Overnight freight company Cargojet (Cargojet Stock Quote, Chart, News, Analysts, Financials TSX:CJT) was certainly a beneficiary of the pandemic but what’s the stock looking like longer-term? Great, says Caldwell Investment Management’s Jennifer Radman, who thinks the structural changes in the shipping industry brought about by COVID will be tailwinds for Cargojet going forward.
Early last year was definitely the time to be buying Cargojet, which has air cargo services across North America, the Caribbean and Europe along with a charter plane business and an ACMI (Aircraft, Crew, Maintenance and Insurance) segment. The stock initially nosedived during the market pullback in February and March but then took off as the market saw the potential for growth in the company’s business due to the surge in e-commerce that came about as a result of the stay-at-home economy.
The end product was a stock that returned 108 per cent for 2020, although CJT has pulled back over ensuing weeks and is now down seven per cent in 2021.
And while COVID certainly gave a boost to a number of companies, Radman thinks there’s a bigger story to Cargojet than a short-term, pandemic-related uptick in business.
“Cargojet is one of our holdings in our Canadian momentum strategy. We bought it in late 2018 and have held it through pre-COVID, after COVID and even today,” said Radman, head of investments and senior portfolio manager at Caldwell, who spoke on BNN Bloomberg on Monday.
“That big run up in [the stock] was really speaking to some of these companies that really had a big benefit from the COVID environment and Cargojet was one of them,” Radman said. “You just didn’t see you know a lot of capacity in passenger aircraft, and that was very good for them on the volume side and very good on the pricing side.”
“As much as we talk about some of these names that did well through COVID, now they’re having tough comps to repeat. I think … you have to make a distinction between what’s just a tough comp and what was a one-time benefit versus the companies that are seeing a more structural benefit from the COVID environment, and I think Cargojet is in that latter camp,” Radman said.
Along with the overall rise in shipping via e-commerce, one of the bigger developments for Cargojet over the last couple of years came when the company signed a strategic agreement with Amazon in August of 2019. There, Cargojet deepened its ties with Amazon, a client of the company’s charter aircraft service, by giving Amazon the right to own up to 14.9 per cent of Cargojet based on Amazon’s delivering of up to $600 million in business to Cargojet over a six-and-a-half-year period.
That deal was the boost of confidence Cargojet shareholders were looking for, as up until that point it was unknown whether or not Amazon would use some of its might to muscle in on CJT’s business. Instead, the partnership made Cargojet’s growth trajectory a lot clearer.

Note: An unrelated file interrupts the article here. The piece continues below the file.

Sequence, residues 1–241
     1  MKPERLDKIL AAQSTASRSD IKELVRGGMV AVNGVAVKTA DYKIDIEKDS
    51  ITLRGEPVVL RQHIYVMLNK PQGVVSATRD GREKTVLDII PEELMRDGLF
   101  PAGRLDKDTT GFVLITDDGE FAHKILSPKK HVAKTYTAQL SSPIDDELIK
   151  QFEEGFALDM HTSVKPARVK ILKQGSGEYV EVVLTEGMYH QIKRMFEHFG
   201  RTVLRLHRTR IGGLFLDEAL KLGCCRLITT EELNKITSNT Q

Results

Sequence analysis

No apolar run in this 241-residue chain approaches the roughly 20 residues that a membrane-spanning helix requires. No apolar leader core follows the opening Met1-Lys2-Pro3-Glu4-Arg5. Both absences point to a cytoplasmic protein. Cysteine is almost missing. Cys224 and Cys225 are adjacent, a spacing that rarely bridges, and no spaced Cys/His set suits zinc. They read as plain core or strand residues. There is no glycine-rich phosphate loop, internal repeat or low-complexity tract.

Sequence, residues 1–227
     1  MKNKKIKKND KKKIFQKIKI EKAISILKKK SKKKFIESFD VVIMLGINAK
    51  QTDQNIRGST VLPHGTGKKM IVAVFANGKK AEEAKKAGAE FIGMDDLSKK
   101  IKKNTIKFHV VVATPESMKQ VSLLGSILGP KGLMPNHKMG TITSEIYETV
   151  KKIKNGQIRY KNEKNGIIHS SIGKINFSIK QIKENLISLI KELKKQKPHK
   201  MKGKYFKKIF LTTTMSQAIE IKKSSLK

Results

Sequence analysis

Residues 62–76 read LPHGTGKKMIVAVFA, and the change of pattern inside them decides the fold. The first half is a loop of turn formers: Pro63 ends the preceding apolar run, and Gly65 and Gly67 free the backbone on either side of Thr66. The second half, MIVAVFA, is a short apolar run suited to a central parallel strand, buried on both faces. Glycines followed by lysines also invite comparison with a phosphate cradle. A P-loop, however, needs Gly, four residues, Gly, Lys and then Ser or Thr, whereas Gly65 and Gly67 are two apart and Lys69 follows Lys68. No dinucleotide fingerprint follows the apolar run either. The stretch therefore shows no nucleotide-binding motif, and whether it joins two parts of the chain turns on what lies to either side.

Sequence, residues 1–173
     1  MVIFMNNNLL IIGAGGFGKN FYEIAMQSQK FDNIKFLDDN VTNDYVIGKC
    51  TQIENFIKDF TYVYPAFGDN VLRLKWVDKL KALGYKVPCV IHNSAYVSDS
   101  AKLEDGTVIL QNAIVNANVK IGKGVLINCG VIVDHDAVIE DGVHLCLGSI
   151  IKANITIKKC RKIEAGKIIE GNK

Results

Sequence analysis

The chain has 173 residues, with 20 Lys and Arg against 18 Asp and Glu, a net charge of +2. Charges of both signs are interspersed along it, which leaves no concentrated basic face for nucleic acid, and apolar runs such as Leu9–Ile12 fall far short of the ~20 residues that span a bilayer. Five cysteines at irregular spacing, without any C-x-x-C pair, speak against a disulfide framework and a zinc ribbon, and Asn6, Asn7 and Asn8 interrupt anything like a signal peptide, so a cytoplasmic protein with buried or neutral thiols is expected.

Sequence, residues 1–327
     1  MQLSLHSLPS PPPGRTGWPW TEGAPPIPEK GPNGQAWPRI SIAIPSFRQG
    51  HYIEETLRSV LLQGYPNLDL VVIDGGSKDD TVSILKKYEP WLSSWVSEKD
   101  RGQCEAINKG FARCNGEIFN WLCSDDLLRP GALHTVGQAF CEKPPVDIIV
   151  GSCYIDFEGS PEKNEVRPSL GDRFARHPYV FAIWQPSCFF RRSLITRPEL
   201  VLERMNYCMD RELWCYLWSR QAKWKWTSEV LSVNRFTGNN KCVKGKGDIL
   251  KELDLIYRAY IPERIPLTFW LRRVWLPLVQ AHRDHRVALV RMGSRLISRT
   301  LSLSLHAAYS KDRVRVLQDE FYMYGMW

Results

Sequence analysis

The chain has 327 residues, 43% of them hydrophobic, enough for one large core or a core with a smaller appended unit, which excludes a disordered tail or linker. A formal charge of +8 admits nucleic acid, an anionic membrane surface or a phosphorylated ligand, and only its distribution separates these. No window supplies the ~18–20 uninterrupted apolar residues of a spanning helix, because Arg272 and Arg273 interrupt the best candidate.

Now, Radman says there’s an industry-wide shift in shipping from passenger planes to dedicated cargo planes like CJT’s.
“Some of these clients for which Cargojet does overnight cargo have historically relied on the passenger planes are now saying, ‘That’s not really a reliable network or solution for us right now,’ and so they’re looking more at going with dedicated overnight carriers such as Cargojet,” Radman said.
“That’s an example of that structural shift, so instead of seeing a situation where you have a big benefit and then fall-off the following year [from COVID-19], we think it’s the new normal and [Cargojet] can continue to grow from there,” Radman said. “And for that reason we continue to be bullish on Cargojet.”
Expected to release its 2020 Q4 financials on March 1, Cargojet saw revenue in its last reported quarter go from $117.4 million in Q3 2019 to $162.3 million and adjusted EBITDA double from $39.1 million to $78.1 million. Both were well ahead of analysts’ calls for EBITDA of $62 million on a topline of $153 million.
Earlier this month, Cargojet closed on a $365-million bought deal equity offering, including over-allotment, issuing about 1.7 million shares at $213.25 per share. CJT followed up with the announcement on February 10 that it would be expanding both its fleet of aircraft and routes in aid of meeting growth opportunities both domestically and internationally.
The expansion will feature five Boeing 767 freighters and two Boeing 777 freighters, which will being arriving by the third quarter of 2021.
“With this expanded fleet, Cargojet will be better positioned to meet the growth expectations of its customers and build on its strong domestic network covering 15 major cities everyday while selectively adding International destinations that will strategically position Cargojet to service fast growing domestic and cross-border e-Commerce and urgent-cargo opportunities,” Cargojet said in a press release. “In addition, Cargojet will continue to explore and focus on additional growth opportunities in the vast US market.”